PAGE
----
In February of this year, I won on auction, this .500 revolver. May be of interest to you all.
When seller said,” It’s going to take patience, time, and a lot of work to make this into a fine big revolver,” boy was that ever an understatement. The revolver saw an awful lot of abuse in its life time. When I said I have resurrected a lot worse, that was before I tackled this project. I never saw one so badly rusted, and with so many broken and worn out parts. Don’t get me wrong, I love to bring these old revolvers back to life. I will give you a quick rundown of what was done.
First thing was taking it apart. About half of the screws required drilling out. Talk about rusted fast. I never knew screws had so many bad names. It was so badly rusted and pitted, there was no way I would ever get the surfaces smooth without destroying the features and edges. So I opted to just remove the rust. The inside was so bad, it was a wonder it worked at all. Took lots of scrubbing with brass brushes and phosphoric acid. After about a week it was clean.
The cylinder arbor was trashed beyond hope. Made new one from O-1 tool steel. Added a drag spring to it. Had to add a .016 shim between front of cylinder and barrel assembly to achieve some barrel/cylinder gap. Now that the cylinder fit true and without any looseness, the next thing was a correctly fitting hinge screw. Made this, and 11 other screws, from 4140 HT.
The frame latch posts had been hammered on and deformed. ( to tighten latch, I suppose) Refitted latching surfaces to attain proper fit and geometry. This meant making a new latch, and latch spring. Made latch from O-1, and heat treated to 52 Rockwell. Spring from 1075, heat treated and drawn blue. ( 600 degrees) Fitted frame to latch with smooth action and no clearance. So far, so good.
Upon cleaning scale and rust from hammer, I discovered the pivot hole was broken out and spread on the rear. That explains why the hammer wouldn’t retract. About 90% of the full cock notch was broken off. I pressed the hammer pivot hole back together and brazed with Certainium 27 B. ( a very tough and strong hard facing alloy applied with torch. Must be shaped with diamond files or burrs)
Built up the full cock notch using the same method. Now the hammer retracts as the trigger moves forward. The small link that connects to the hammer spring was broken out also. Put it back together and brazed with high temperature silver solder.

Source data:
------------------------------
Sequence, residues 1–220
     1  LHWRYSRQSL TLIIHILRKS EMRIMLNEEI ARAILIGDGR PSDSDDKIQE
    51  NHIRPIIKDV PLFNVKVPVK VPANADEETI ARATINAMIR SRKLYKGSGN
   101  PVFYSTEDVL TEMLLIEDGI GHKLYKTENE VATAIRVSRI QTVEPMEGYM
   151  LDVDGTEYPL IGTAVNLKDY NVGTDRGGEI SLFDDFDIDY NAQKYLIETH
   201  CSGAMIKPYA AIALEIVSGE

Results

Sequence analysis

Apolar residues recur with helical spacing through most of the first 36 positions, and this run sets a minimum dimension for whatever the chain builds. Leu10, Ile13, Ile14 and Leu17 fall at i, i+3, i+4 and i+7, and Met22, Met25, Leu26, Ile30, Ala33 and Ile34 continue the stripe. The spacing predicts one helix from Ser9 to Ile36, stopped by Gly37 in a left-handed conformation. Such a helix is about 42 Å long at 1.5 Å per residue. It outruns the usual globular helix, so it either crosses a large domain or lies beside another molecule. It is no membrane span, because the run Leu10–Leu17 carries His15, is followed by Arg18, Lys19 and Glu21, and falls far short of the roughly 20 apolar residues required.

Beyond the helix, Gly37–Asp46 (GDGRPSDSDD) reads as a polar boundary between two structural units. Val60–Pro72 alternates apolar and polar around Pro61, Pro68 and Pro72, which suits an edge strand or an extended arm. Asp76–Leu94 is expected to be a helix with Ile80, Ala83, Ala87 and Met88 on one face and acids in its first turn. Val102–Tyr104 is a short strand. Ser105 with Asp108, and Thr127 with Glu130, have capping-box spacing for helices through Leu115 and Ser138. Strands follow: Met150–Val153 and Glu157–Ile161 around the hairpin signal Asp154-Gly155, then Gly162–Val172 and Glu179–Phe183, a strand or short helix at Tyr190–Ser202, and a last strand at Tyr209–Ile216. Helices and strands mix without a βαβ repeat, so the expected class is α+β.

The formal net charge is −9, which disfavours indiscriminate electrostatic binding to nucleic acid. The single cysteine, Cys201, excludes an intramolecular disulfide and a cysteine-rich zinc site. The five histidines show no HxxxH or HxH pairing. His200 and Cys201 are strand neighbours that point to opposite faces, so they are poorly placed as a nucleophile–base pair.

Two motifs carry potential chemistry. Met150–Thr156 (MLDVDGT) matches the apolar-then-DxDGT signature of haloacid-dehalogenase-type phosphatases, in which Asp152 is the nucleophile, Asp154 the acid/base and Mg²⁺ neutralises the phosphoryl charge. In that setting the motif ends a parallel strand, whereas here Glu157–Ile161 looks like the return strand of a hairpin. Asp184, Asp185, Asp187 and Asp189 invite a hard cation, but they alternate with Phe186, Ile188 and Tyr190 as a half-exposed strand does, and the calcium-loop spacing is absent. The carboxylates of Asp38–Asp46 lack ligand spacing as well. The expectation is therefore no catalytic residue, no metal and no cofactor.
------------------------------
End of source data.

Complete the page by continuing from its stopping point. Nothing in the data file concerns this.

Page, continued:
The front guard screw hole had been stripped out. The hole was redrilled for a larger screw, which was also stripped. Cause being interference with trigger return spring. The top end of the screw was peened over to hold the guard in place, almost. The interference left a crack in the “V” of the spring. Made new spring from 1075, heat treated and drawn blue. To make the new screw do its job, I made it an 8-32 with a wasp waist so it wouldn’t bind the spring. The screw head is the same diameter as the original.
The cylinder stop on the top of the trigger was mostly worn away. Built up with Certainium 27 B, reshaped and polished. Flat side is timed to line up bore with chambers. Cylinder advancing hand was worn very badly on business end. Built up with Certainium 27 B,
reshaped and polished to lock up with no movement.
All 12 screws were made with crowned heads and crowned ends. All from 4140 HT.
I didn’t want to disturb the initials carved in the right grip panel, so I defined the checkering ever so slightly. The cracks in the grips are reinforced with Elmers glue worked into them. Replaced chip missing from right grip.
I blackened the steel and then buffed with 0000 steel wool to brighten the edges to appear as worn through time.
The cartridges are made from .500 S&W brass, turned and shortened. The bullet is made with a Lee custom mold to replicate the original Tranter 340 grain blunt nose. I had some difficulty figuring the weight in the nose, so I made a wild guess. It came out weighing 322 grains. Case holds 22 grains fffg black. Almost done with my loading dies for it. Finished the sizing die today. Will finish the seating die in a day or two. Made the crimper two weeks ago.
Well, there you have it. Very enjoyable on this end. When I work on these old revolvers, I can almost feel the presence of the person who made the revolver, and maybe understand him a little more. He was a real craftsman. Revolver now functions at 100%, and almost smooth as new.
Keep these oldies coming. Perhaps I will live long enough to do a few more.